I've been going to Mallorca to ride in the spring time since 2009. It’s something I really look forward to after a winter of battering myself in the garage on the turbo or rollers and riding in the generally nasty conditions a British winter benevolently bestows upon us Brits.
It tends to be leisurely, sunny miles to familiar and beautiful places with a good thrash up a mountain for good measure so it feels like training rather than a complete jolly. Which of course, it isn’t, right?
This time I hooked up with Mallorca Cycling Shuttles and my cycling buddy and GBTx team mate, Ottilie Quince who has based her sports therapy business out there, to take on a ride with a different start from the normal leisurely 10 o’clock(ish) roll out from Puerto Pollensa. This time we loaded our bikes in a trailer and loaded ourselves on to a coach for a journey to Andratx, some 115ks away on the other side of the island and, more relevantly, at the other end of the Tramuntana (still tarantula to me…) mountain range. Shockingly, we did this at 8 o’clock in the morning!
An hour or so later we were dropped off in a sunny but cool Andratx to start the ride home to Puerto Pollensa via some of the most glorious mountain roads you could ever hope to set a wheel on. You can take a number of routes back (check out the funky maps on the Mallorca Cycle Shuttle Facebook page or website) but we chose to follow the ‘vanilla’ direct mountain route. When I say vanilla, the Tramantana mountain range is a World Heritage site and rightly so: it’s a stunning place to ride a bike. What I really mean is we passed on the option of dipping down to the various pretty ports from the MA10 mountain road. Should 115ks not be enough, you can extend this to 162ks by riding down to Port des Canonge, Port Valldemossa and the famous Sa Calobra before getting back to Puerto Pollensa - a serious challenge.
Unless you decide to come back ‘flat’, all routes go over Puig Major, the biggest mountain in Mallorca at 1445m although the highest you can climb on a road bike is about 850m (it’s enough, trust me). You go through the top of the mountain via a tunnel before you descend – not a bad idea to take a red flashing rear light with you if you have one to hand – the tunnel is quite long. Also, the descent of ‘The Pig’ can get cold at certain times so taking a jacket or a gillet is a good idea.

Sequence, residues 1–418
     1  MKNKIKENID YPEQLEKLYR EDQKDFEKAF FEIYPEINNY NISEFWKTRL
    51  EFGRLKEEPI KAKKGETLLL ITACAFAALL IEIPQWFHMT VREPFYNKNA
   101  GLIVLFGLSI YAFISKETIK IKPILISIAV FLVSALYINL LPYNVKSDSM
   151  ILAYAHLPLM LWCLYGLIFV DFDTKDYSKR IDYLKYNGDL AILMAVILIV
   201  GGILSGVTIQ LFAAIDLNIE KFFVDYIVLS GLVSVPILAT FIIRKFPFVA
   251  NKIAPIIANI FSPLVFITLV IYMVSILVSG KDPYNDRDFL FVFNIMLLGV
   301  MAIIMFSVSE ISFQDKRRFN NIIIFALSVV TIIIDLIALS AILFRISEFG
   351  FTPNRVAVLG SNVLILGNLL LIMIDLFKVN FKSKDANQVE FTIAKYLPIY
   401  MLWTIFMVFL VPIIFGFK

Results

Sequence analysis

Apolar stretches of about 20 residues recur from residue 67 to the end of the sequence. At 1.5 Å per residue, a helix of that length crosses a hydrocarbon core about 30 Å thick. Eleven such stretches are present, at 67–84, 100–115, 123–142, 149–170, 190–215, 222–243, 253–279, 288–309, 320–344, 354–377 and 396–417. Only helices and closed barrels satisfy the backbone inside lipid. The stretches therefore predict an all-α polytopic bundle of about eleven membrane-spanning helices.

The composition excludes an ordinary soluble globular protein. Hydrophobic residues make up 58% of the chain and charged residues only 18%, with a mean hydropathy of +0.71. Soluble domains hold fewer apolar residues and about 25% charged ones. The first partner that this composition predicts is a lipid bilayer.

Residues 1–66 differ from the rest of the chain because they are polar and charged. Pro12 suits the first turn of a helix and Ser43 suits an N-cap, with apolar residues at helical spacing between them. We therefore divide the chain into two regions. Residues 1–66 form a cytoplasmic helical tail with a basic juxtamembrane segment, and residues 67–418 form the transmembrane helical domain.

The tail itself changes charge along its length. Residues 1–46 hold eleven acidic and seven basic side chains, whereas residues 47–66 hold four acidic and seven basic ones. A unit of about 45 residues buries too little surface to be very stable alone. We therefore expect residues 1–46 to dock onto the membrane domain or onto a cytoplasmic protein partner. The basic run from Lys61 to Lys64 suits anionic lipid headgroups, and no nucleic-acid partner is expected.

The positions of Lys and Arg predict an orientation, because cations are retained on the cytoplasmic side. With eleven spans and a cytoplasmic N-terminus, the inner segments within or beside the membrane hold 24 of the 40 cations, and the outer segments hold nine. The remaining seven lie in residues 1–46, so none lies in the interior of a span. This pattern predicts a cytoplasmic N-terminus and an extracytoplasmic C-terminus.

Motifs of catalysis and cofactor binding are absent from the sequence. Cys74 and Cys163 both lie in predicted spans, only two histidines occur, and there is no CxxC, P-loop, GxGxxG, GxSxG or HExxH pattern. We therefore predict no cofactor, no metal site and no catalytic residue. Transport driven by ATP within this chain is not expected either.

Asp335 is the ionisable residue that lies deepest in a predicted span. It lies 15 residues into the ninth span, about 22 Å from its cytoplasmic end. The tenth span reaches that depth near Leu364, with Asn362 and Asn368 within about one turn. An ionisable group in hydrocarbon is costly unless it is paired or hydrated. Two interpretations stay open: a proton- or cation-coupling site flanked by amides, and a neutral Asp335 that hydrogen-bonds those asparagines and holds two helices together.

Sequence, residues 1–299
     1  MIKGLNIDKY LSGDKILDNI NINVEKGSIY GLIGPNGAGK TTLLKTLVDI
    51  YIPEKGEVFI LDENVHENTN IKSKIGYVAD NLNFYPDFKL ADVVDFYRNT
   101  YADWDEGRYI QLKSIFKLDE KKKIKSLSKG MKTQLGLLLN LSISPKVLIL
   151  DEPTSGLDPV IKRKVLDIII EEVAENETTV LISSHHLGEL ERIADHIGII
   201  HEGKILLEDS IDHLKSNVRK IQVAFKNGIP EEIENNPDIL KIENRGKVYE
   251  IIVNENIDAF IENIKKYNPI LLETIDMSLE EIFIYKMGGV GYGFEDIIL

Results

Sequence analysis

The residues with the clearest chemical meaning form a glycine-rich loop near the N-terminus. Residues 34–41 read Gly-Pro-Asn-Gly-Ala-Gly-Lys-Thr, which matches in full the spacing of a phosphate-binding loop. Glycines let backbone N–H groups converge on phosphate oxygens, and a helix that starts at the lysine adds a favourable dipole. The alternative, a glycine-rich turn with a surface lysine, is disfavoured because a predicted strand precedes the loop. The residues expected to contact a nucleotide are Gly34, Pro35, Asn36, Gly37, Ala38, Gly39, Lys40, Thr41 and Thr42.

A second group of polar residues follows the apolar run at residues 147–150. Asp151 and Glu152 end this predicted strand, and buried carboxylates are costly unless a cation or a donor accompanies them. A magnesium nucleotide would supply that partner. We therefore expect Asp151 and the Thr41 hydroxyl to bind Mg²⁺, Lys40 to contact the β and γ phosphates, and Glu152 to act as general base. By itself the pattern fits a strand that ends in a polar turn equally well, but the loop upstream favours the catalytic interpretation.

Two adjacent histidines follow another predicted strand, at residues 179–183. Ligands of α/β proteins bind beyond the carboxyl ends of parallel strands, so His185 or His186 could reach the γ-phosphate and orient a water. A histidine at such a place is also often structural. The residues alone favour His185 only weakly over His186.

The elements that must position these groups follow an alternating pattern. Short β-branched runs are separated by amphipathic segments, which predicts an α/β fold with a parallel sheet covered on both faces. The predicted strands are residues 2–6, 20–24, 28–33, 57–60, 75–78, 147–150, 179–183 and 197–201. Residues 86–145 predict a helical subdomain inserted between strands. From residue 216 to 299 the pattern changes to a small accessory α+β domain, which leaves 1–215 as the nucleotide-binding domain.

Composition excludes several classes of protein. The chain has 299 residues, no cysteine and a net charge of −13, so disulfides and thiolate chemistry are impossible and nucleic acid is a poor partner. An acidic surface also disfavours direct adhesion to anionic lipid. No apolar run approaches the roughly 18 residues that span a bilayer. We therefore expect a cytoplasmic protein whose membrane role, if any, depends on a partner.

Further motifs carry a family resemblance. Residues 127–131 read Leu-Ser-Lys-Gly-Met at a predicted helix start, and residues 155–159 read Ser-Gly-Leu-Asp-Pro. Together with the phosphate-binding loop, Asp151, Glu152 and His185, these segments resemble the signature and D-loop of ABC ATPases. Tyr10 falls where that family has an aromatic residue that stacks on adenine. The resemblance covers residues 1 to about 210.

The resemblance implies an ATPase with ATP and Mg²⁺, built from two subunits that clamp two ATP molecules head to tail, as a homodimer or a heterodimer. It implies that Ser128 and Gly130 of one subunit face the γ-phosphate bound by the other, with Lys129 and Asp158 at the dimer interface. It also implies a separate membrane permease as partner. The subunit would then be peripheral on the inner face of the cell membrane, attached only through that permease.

We opted to stop at Fornalutx a few hundred metres up Puig Major. It’s a beautiful tiny village based on an old Roman forge settlement and you can see the colour of the iron ore in the brown and orange escarpments around you while you have a coffee and a cake. Or two. Stop there if you want, but don’t tell anybody else, it’s a hidden secret…
The ride is tough one, even for those familiar with the route, but the guys at Mallorca Cycle Shuttle have removed the need to cover over 200k in the day and ride flat via Bunyola for 3 plus hours to get to the start of the mountain range. For most of us mortals 5-6 hours on the bike is manageable whereas 9 hours plus becomes a chore. A great idea, well executed. At €24.50 the trip represents good value in my view and you can watch your bike being safely packed in an enclosed trailer towed behind the bus so you never lose sight of your valuable transport home.
Maximum kudos to the guy in trainers, board shorts and a T shirt who completed the ride. He claimed the rhythmic squeaking of his hire bike reminded him of his girlfriend and he was only going to worry about it if it stopped.
Mainly, this is just a bloody good day out on the bike, a real achievement to complete with spectacular roads and views. However, if there is a coaching analogy, tenuous though it might be, cutting out the ‘junk’ to get to the good stuff is it. I’d sooner ride hard over the mountains than try to conserve energy spinning out on the flat for hours early in the morning, but that’s just me.
If you're lucky enough to be over in Mallorca, check out the Mallorca Cycle Shuttle website or Facebook page and treat yourself to a different day out on the bike.